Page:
China has taken drastic measures to limit the spread of the coronavirus, and last week, it cut plane, train and bus links to Wuhan, a city of more than 11 million people. China has quarantined several other nearby cities since then, cutting off an estimated 19 million people.
Couple has obtained consular case number
According to Fabic, Li called Canadian consular officials repeatedly and was finally given a consular case number on Sunday.
Global Affairs Canada said in an email to CBC Toronto on Tuesday that it cannot comment.
“Due to the provisions of the Privacy Act, we are unable to provide information on specific cases,” said Angela Savard, media relations spokesperson for Global Affairs Canada.
Champagne, the foreign minister, said on Tuesday that Ottawa is “looking at all options” to help Canadians quarantined in China during the outbreak.
Global Affairs Canada in contact with Canadians in Wuhan
Champagne said 250 Canadians have registered with Global Affairs Canada to say they are in Wuhan and 126 of them have asked for help to get home. He said his officials are trying to contact each one of them to assess their needs.
“Every Canadian that has reached out to us for consular assistance will receive it,” he said.
He said Canada will tailor its response based on what it finds after all the Canadians asking for help have been contacted.
He noted the number of Canadians seeking help keeps changing as more and more people register via the Global Affairs Canada website — the previous day, the number of Canadians registered in the region was 167.
Champagne said help could include sending a plane to fly them home, but that Canada is also working with other countries in similar situations. Canada doesn’t have a diplomatic office in Wuhan but other countries do and are airlifting their workers. In some cases, private citizens are leaving alongside the diplomats.
Champagne said Ottawa is in contact with the Chinese government about making sure Canada can help its citizens.
B.C. confirms province's first presumptive positive case of new coronavirus – CTV News
The first presumptive positive case of novel coronavirus has been detected in British Columbia, health officials confirmed Tuesday.
The B.C. Centre for Disease Control said one patient appears to be infected with the newly discovered coronavirus and is currently in isolation at home.
The individual is a 40-year-old male who travels to China regularly and was in Wuhan city on his most recent trip, officials said. He lives in the Vancouver Coastal Health region.
“This is a gentleman who is well aware of what is going on in China and when he went home he voluntarily self-isolated,” said Dr. Bonnie Henry at a news conference Tuesday.
The man contacted a health-care provider on Jan. 26 to let them known he had travelled to Wuhan and was experiencing symptoms.
That health-care provider gave a diagnostic test, which came back positive on Monday night.
The man was monitoring his own symptoms carefully and his family is also being monitored by Vancouver Coastal Health. Henry said the man arrived back in Vancouver last week and his symptoms began showing more than 24 hours after arriving home.
“This person is currently doing well and does not need hospitalization,” Henry said. “This person was not symptomatic on his flight.”
Henry said there is no evidence that the virus spreads when a person is asymptomatic.
“That’s reassuring to us and that’s certainly in line with other coronavirus infections that we’ve seen in the past like SARS and MERS,” Henry said.
Right now the man’s case is considered “presumptive positive” because confirmation is done by a second test at the National Microbiology Laboratory in Winnipeg.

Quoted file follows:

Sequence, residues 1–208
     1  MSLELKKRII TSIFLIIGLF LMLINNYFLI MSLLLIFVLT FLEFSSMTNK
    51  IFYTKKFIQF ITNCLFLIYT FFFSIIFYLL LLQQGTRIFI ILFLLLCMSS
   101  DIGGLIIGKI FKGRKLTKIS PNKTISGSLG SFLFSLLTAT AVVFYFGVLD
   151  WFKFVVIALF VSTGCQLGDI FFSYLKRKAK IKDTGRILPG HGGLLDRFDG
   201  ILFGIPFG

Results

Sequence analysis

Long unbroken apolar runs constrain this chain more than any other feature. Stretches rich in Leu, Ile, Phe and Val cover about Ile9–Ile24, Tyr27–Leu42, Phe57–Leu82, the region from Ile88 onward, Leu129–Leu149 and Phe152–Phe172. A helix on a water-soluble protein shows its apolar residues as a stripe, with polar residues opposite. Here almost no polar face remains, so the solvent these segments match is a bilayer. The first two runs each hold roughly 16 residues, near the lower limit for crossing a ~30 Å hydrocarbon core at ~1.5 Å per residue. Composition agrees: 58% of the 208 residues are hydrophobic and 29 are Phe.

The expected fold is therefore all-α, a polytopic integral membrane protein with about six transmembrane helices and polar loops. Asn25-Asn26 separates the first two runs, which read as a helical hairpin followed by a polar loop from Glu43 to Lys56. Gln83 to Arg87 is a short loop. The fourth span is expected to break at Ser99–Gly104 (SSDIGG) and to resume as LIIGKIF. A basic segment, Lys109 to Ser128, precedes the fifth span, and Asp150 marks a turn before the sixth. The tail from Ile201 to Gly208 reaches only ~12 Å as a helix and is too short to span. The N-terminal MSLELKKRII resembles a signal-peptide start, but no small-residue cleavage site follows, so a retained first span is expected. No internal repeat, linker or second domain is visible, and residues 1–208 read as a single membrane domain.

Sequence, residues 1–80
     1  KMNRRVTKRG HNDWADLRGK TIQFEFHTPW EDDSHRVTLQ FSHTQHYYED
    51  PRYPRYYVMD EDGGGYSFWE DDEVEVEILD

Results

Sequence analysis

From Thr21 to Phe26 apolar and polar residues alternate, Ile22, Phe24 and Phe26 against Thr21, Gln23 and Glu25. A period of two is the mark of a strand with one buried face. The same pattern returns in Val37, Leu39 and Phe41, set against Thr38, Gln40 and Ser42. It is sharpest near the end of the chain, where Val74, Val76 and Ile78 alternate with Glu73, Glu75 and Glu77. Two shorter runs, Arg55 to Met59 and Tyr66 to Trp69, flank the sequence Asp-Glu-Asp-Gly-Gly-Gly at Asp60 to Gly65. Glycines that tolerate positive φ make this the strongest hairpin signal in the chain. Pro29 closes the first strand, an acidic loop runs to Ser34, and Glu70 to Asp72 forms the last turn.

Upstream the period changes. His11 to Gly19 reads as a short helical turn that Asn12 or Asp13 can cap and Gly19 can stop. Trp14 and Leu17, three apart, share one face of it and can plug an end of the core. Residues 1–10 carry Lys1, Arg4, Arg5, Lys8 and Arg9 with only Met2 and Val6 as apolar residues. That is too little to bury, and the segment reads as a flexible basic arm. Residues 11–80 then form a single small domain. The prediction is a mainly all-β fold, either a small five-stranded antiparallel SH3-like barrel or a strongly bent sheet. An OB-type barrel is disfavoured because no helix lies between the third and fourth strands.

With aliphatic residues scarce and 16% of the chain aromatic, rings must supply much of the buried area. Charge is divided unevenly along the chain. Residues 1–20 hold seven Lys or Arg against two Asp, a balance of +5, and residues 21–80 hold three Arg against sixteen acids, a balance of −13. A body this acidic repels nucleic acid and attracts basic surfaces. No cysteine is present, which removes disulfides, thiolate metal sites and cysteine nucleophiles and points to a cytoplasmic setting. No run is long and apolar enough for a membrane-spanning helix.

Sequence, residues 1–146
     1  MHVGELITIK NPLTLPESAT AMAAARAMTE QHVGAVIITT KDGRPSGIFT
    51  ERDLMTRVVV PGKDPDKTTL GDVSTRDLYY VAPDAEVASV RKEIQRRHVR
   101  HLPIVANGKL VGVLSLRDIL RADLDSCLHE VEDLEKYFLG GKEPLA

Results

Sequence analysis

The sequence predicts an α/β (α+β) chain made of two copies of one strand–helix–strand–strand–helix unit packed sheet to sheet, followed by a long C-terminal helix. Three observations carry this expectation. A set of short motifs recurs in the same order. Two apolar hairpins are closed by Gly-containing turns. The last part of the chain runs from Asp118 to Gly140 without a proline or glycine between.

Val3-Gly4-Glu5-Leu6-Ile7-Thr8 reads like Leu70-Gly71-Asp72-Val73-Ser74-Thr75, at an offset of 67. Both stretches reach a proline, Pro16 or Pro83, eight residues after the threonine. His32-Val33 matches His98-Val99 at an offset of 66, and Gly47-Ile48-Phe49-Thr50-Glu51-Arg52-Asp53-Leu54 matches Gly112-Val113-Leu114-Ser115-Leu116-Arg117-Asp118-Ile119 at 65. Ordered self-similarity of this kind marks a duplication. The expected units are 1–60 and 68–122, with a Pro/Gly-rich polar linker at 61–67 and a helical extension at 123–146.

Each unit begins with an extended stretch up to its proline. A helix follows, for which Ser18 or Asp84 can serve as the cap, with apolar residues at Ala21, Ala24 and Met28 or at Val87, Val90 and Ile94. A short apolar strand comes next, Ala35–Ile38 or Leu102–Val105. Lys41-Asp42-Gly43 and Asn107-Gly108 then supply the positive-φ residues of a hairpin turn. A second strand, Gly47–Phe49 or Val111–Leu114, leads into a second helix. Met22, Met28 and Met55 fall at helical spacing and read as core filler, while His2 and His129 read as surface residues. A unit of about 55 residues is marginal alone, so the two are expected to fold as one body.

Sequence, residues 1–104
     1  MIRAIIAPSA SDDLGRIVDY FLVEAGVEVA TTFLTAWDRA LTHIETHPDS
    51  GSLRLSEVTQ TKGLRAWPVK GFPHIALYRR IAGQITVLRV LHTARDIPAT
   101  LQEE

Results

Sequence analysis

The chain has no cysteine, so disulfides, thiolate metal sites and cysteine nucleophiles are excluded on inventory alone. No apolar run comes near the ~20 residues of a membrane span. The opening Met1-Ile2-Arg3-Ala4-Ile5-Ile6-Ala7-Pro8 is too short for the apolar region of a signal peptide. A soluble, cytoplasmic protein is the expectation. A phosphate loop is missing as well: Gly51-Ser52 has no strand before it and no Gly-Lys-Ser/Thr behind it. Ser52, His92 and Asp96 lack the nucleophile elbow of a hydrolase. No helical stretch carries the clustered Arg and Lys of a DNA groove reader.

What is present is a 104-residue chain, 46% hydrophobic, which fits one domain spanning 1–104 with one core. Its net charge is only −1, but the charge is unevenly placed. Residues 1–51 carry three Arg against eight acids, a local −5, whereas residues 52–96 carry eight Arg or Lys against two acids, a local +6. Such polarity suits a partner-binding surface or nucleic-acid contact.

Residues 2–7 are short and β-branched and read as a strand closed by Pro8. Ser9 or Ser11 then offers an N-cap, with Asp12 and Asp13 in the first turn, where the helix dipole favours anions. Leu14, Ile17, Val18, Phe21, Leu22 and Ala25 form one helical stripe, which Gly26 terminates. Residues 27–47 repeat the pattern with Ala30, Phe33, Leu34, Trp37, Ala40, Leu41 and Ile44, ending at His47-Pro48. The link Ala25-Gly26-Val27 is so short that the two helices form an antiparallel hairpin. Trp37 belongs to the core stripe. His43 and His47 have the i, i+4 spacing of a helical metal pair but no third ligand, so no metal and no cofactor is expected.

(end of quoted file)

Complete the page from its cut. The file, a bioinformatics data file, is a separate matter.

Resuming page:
“The sample is on its way to Winnipeg,” Henry said. “But given the history of travel, the contact that this person had in Wuhan city and the symptoms they were showing, we are confident that this truly is a case of this novel coronavirus.”
Henry said NML’s test result is expected in about 48 hours, but that she is confident in the result found by the B.C. lab’s test.
Case no surprise, officials say
Henry added that with the high amount of travel between Metro Vancouver and China, the presumptive positive case didn’t come as a surprise.
“This first case is not unexpected to us,” she said.
“This does not change what we are doing in British Columbia … I would have been surprised if we did not have one or two cases.”
Henry cautioned against listening to rumours of B.C. cases, saying that the provincial ministry will continue to update the public if more cases are confirmed.
“There has been a small number of people around the province that have been tested for this novel coronavirus and we have a very low threshold for that testing,” Henry said. “There have been a number of tests that have been done; this is the first one that has been positive.”
Prevention and screening measures
In a news release from the ministry of health, the province said the general public doesn’t necessarily need to take extra measures to protect themselves from the virus.
“It is not necessary for the general public to take special precautions beyond the usual measures recommended to prevent other common respiratory viruses during the winter period,” the news release said.
“Regular handwashing, coughing or sneezing into your elbow sleeve, disposing of tissues appropriately and avoiding contact with sick people are important ways to prevent the spread of respiratory illness generally.”
Previously, the BC Centre for Disease Control has developed a diagnostic test for the novel coronavirus and health-care workers have been asked to record the travel history for anyone reporting respiratory symptoms.
Travellers passing through Vancouver International Airport are also being screened when they arrive at the airport, particularly if they’ve visited Wuhan, China, where the virus is believed to have originated.
Other cases in Canada
In Ontario, two cases have been recorded. One case has been confirmed while the second is considered presumptive positive.
Symptoms of the virus include a runny nose, headache, cough, sore throat, fever and a general feeling of being unwell.
“Anyone who is concerned they may have been exposed to, or are experiencing symptoms of the coronavirus should contact their primary-care provider, local public health office or call 811,” the province said.